Interview: Why The Merola Opera Program Continues To Develop Into One of the Best In the World

Young Artists & Artistic Director On The Program’s Methods & Ideas

By David Salazar

It was 1957 and opera was in the midst of a golden age of singing.

Kurt Herbert Adler, the second general director in San Francisco Opera’s history, knew that for opera to continue, young talent needed to be fostered and grown.

So he sought out the help of tenor James H. Schwabacher Jr., San Francisco Opera’s production coordinator Matthew Farruggio, and renowned vocal coach and pianist Otto Guth. Together the three created what we now know as the Merola Opera Program, named in honor of Alder’s predecessor Gaetano Merola.

Now 61 years later and Merola Opera Program is one of the most distinguished in the world. And its reputation is only going to grow in 2019, when it will present Jake Heggie and Gene Sheer’s “If I Were You,” the first opera ever commissioned in the program’s history.

Individual Emphasis

So what has allowed Merola Opera Program to thrive for 61 years?

“I believe the absolute attention to the individual singer, which means a myriad of coachings and lessons and classes, is what makes the Merola Opera Program unique,” stated the program’s current artistic director Sheri Greenawald in an interview with OperaWire about the program.

“Merola is unique in that the program exists for the sole purpose of developing the artists. These singers are not coming because they will be the chorus for more famous singers already in their professional careers. They come to be developed through coaching and through opportunities to create roles onstage. The performances are not the end goal – the process is the emphasis,” added conductor Mark Morash, who worked with young artists in the program this past summer.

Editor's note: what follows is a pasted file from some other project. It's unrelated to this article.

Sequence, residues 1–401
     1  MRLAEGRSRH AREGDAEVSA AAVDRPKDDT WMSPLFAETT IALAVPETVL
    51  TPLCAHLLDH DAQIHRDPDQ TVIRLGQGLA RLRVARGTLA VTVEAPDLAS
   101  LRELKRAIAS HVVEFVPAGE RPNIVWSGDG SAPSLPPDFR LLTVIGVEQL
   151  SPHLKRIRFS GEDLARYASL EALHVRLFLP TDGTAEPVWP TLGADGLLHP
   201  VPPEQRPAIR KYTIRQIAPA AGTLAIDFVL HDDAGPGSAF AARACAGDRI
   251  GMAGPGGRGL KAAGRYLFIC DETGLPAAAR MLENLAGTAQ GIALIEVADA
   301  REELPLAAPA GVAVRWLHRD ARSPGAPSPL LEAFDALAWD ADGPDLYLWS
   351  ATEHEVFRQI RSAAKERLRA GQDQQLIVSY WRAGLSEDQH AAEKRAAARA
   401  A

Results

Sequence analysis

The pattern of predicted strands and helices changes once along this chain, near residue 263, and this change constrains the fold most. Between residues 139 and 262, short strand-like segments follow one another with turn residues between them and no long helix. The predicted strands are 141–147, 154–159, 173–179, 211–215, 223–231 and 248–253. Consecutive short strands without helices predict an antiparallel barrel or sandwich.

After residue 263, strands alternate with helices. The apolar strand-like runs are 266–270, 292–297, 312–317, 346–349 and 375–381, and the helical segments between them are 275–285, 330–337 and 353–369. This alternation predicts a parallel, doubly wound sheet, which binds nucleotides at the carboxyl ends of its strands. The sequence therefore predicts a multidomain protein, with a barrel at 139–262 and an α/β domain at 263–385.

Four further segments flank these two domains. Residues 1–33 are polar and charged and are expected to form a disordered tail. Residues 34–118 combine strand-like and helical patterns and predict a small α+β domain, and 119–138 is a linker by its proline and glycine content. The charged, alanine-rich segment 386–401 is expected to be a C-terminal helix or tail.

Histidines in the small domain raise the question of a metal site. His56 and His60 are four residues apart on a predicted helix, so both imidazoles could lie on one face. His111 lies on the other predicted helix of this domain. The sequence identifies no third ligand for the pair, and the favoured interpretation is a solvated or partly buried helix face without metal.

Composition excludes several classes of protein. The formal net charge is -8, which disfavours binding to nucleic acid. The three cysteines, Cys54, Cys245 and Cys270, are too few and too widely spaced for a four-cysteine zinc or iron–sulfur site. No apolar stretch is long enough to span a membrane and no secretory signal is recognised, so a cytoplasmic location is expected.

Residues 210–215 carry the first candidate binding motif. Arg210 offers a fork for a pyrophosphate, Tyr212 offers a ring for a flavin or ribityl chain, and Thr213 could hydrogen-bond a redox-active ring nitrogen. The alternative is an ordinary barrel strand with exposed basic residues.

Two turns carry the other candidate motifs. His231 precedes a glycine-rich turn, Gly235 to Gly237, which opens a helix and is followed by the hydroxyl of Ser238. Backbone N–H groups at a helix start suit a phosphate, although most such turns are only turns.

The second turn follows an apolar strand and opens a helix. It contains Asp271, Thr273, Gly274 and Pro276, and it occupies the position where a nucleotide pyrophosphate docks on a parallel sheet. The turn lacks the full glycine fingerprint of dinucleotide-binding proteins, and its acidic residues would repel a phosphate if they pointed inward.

One of the 2018 young artists was mezzo-soprano Anne Maguire, who is a graduate from the Boston Conservatory and Yale School of Music. She came to the program and took on the role of Baba the Turk in the program’s production of “The Rake’s Progress.”

“Rather than spending all our time in chorus rehearsals and covering principal artists, we are the principal artists,” she told OperaWire. “We get all the rehearsal time, all the coachings, all the responsibility, and all the reward.”

Every year, around 30 artists, some returning for a second stint, are selected to join the program in preparations for performing in one of the two operas that the company puts on; this past year’s operas were Mozart’s “Il Re Pastore” and “The Rake’s Progress” by Stravinsky. If they are not cast in a role, they get an opportunity to collaborate in the Schwabacher Summer Concert, where they might be tasked with three or four arias from different operas.

As emphasized by Greenawald, they all get an opportunity to perform.

Take tenor Brian Michael Moore, who performed four arias in the Schwabacher Summer Concerts this past summer and noted that the experience was a “great challenge.”

He came to Merola back in 2016 when he was just “fresh out of college and didn’t know much about the professional world.” After his stint with the program, he went straight into the Los Angeles Opera’s Domingo-Colburn-Stein Young Artist Program, where he spent two seasons.